Affordance has to exist, it is an implicit property of an object. Let me cite Norman (who is citing James J Gibson):
...the actions possible by a specific agent on a specific environment. To Gibson, affordances did not have to be perceivable or even knowable -- they simply existed
That's exactly the point, signifier without affordance is a mistake (a fixed door with a big PUSH HERE text) but affordance can exist without signifiers. One main point of UX design is to introduce signifiers to make affordance visible.
Norman used that word to identify perceived qualities of an object, this led to some confusions because now those terms slightly overlap but the central point is still the same: affordance is an implicit quality (visible or invisible) of an object to be used. When an object has not such perceived quality then you introduce signifiers to make it clear.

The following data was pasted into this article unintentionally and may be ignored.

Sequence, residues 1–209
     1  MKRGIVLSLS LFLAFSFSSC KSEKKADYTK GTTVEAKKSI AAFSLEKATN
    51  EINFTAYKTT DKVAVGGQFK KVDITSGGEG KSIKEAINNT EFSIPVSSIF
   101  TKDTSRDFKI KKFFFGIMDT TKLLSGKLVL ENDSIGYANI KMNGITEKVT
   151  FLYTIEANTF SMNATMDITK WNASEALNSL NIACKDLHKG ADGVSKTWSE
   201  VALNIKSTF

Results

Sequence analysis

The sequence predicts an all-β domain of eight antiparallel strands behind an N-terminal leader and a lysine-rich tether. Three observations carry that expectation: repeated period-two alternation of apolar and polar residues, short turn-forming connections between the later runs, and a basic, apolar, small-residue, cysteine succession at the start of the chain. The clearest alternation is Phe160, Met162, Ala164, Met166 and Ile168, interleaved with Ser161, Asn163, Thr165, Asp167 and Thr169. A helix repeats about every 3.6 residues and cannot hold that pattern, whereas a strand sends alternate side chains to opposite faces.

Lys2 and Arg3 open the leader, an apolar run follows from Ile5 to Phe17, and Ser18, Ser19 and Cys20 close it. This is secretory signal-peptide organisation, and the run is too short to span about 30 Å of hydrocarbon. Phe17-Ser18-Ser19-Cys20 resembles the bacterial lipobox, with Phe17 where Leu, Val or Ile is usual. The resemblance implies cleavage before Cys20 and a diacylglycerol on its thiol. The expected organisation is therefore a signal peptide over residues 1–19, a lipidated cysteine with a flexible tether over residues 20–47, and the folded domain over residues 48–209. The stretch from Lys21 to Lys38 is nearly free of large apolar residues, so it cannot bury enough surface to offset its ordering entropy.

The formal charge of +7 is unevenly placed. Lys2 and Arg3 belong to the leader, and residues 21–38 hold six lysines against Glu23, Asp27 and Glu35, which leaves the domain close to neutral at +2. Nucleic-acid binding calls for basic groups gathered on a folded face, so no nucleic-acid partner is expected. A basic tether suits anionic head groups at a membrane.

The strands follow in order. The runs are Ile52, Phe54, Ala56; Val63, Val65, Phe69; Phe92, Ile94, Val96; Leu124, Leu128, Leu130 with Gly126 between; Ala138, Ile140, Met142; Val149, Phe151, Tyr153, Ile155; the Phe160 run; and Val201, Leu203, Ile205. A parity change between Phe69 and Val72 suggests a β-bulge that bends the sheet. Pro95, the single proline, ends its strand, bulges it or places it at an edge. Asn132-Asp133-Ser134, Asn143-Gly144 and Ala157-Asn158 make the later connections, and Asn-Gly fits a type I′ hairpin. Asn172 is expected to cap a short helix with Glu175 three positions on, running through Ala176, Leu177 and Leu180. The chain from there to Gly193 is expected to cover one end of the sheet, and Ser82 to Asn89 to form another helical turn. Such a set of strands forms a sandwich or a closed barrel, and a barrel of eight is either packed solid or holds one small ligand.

Let's imagine a secret door. According to Gibson it has the affordance to be—for example—pushed to be open even if you carefully tried to make it invisible and to remove that perception. Instead, according to Norman's definition, it lacks of affordance because its usage is not perceived.
Now imagine a normal door without handles. Because of materials, position or expectations (for example because it's at the end of an empty corridor) it has a perceived affordance. If it's not clear enough then you add a signifier, for example, a Push here plate.
Signifiers are not used just to make affordance visible, citing (again) Norman:
Consider a bookmark, a deliberately placed signifier of one's place in reading a book. But the physical nature of books also make them an accidental social signifier, for the placement of the bookmark tells the reader how much of the story remains.
To summarize in one line what I tried to explain in such dump of text:
The perceivable part of an affordance is a signifier, and if deliberately placed by a designer, it is a social signifier.